# Imposibility of bias-resistant coin tossing (Cleve'86) and its connection to modern notion of fairness in Secure Multiparty Computation

In modern Secure Multi-party Computation (SMPC) protocols (informally) the notion of Fairness and Guaranteed Output Delivery (GOD) is defined as follows:

Fairness: If the adversary gets the output of the protocol, every honest party should get the output as well.

GOD: Honest parties should always get the output independent of adversarial behavior.

As I understand the seminal paper of Cleve'86, it proves that bias-resistant two party coin tossing protocol is not possible in honest minority setting. In particular, Cleve86 shows that if the honest party decides to output when the adversary aborts, then there exists an adversarial strategy where the output will not be equivalent to the output of the ideal coin tossing protocol.

What bothers me is that several paper cites Cleve86 and state that it is not possible to have fair (modern notion of fairness) protocol in 2PC. I am not able to connect Cleve86 result to current notion of fairness we talk about it Secure MPC protocols. Specifically, Cleve86 do not say anything about whether the adversary (whenever it aborts) gets any information about the output of the protocol or not.

Consider a protocol where honest party do not produce an output whenever the adversary decides to abort. Is this protocol not fair (with modern notion of fairness)? In my understanding, Cleve86 result is not applicable to this scenario.

First, I'll discuss Cleve's result really quickly, as there's a natural generalization of it which may be useful for your understanding.

Let $$X\sim\mathcal{D}$$ be some random variable. A common notion in sampling random variables is rejection sampling. You have some predicate (function which returns true or false) $$\phi$$, and you want to sample $$X\sim\mathcal{D}$$ such that $$\phi(X)$$ holds. This is to say that you want to sample $$X\sim\mathcal{D}$$ from the conditional distribution $$X\sim\mathcal{D}\mid \phi(X) = \mathsf{true}$$. You can do this by continuing to sample $$X\sim\mathcal{D}$$ until you get one where $$\phi(X)$$ holds. This takes roughly $$1/\Pr_{X\sim\mathcal{D}}[\phi(X) = \mathsf{true}]$$ samples (so predicates that hold with low probability require "more samples", as you'd expect).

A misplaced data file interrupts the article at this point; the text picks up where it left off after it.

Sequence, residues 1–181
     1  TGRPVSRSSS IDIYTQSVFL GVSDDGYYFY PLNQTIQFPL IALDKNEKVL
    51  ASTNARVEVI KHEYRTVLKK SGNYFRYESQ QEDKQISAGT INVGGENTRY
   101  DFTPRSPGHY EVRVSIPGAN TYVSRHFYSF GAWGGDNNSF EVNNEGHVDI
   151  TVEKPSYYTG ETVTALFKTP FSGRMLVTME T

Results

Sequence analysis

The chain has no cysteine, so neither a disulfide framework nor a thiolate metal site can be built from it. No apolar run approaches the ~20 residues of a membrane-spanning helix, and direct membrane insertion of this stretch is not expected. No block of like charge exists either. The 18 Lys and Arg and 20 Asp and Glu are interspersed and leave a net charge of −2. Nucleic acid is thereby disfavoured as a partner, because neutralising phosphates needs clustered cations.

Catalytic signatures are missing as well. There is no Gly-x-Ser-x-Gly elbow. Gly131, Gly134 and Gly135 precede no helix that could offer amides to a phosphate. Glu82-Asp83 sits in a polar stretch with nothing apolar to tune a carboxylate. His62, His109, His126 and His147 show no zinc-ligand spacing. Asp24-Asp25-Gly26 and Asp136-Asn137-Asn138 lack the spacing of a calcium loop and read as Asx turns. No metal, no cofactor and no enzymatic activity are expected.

Cleve's result is just noting that an adversary can do this in an interactive protocol via aborting the computation. Say you have an interactive protocol where each round a single person talks (you can let them broadcast things if you want), and there are $$k$$ rounds. Then in the $$(k-1)$$th round, there's a single participant (call them $$P$$) who will not hear anything from other participants during the rest of protocol. They already know what their result will be.

To show that fair coinflipping is impossible, you just need to argue that $$P$$ can rejection-sample on their output value until it is whatever they want it to be, so they can fix the mutually-shared random variable (at the end of the computation) to be whatever they want (but the lower-probability the result they want to occur is, the more aborts they need to do).

To show that fair computation is impossible, you just need to argue that $$P$$ already knows their value, and via aborting the protocol can withhold relevant information from the other parties in the protocol.

So the two results (impossibility of unbiased randomness generation in interactive protocols, and impossibility of fair computations) come from slightly different arguments, but both of them rely on the existence of one person who is "done with the computation but still needs to talk to other people so they can finish the computation", which is intrinsic to interactive protocols of this form.

We can extend Cleve86 to contemporary notion of Fairness,

1. A Fair protocol in two party setting implies GOD. Why? I will let you think about it.
2. Cleve86 shows GOD is not possible in two party setting with malicious adversary.
3. (1) and (2) implies it is not possible to do honest minority fair coin tossing with 2 party.

PS: I have concluded this after discussing with my collaborators. Thanks to them.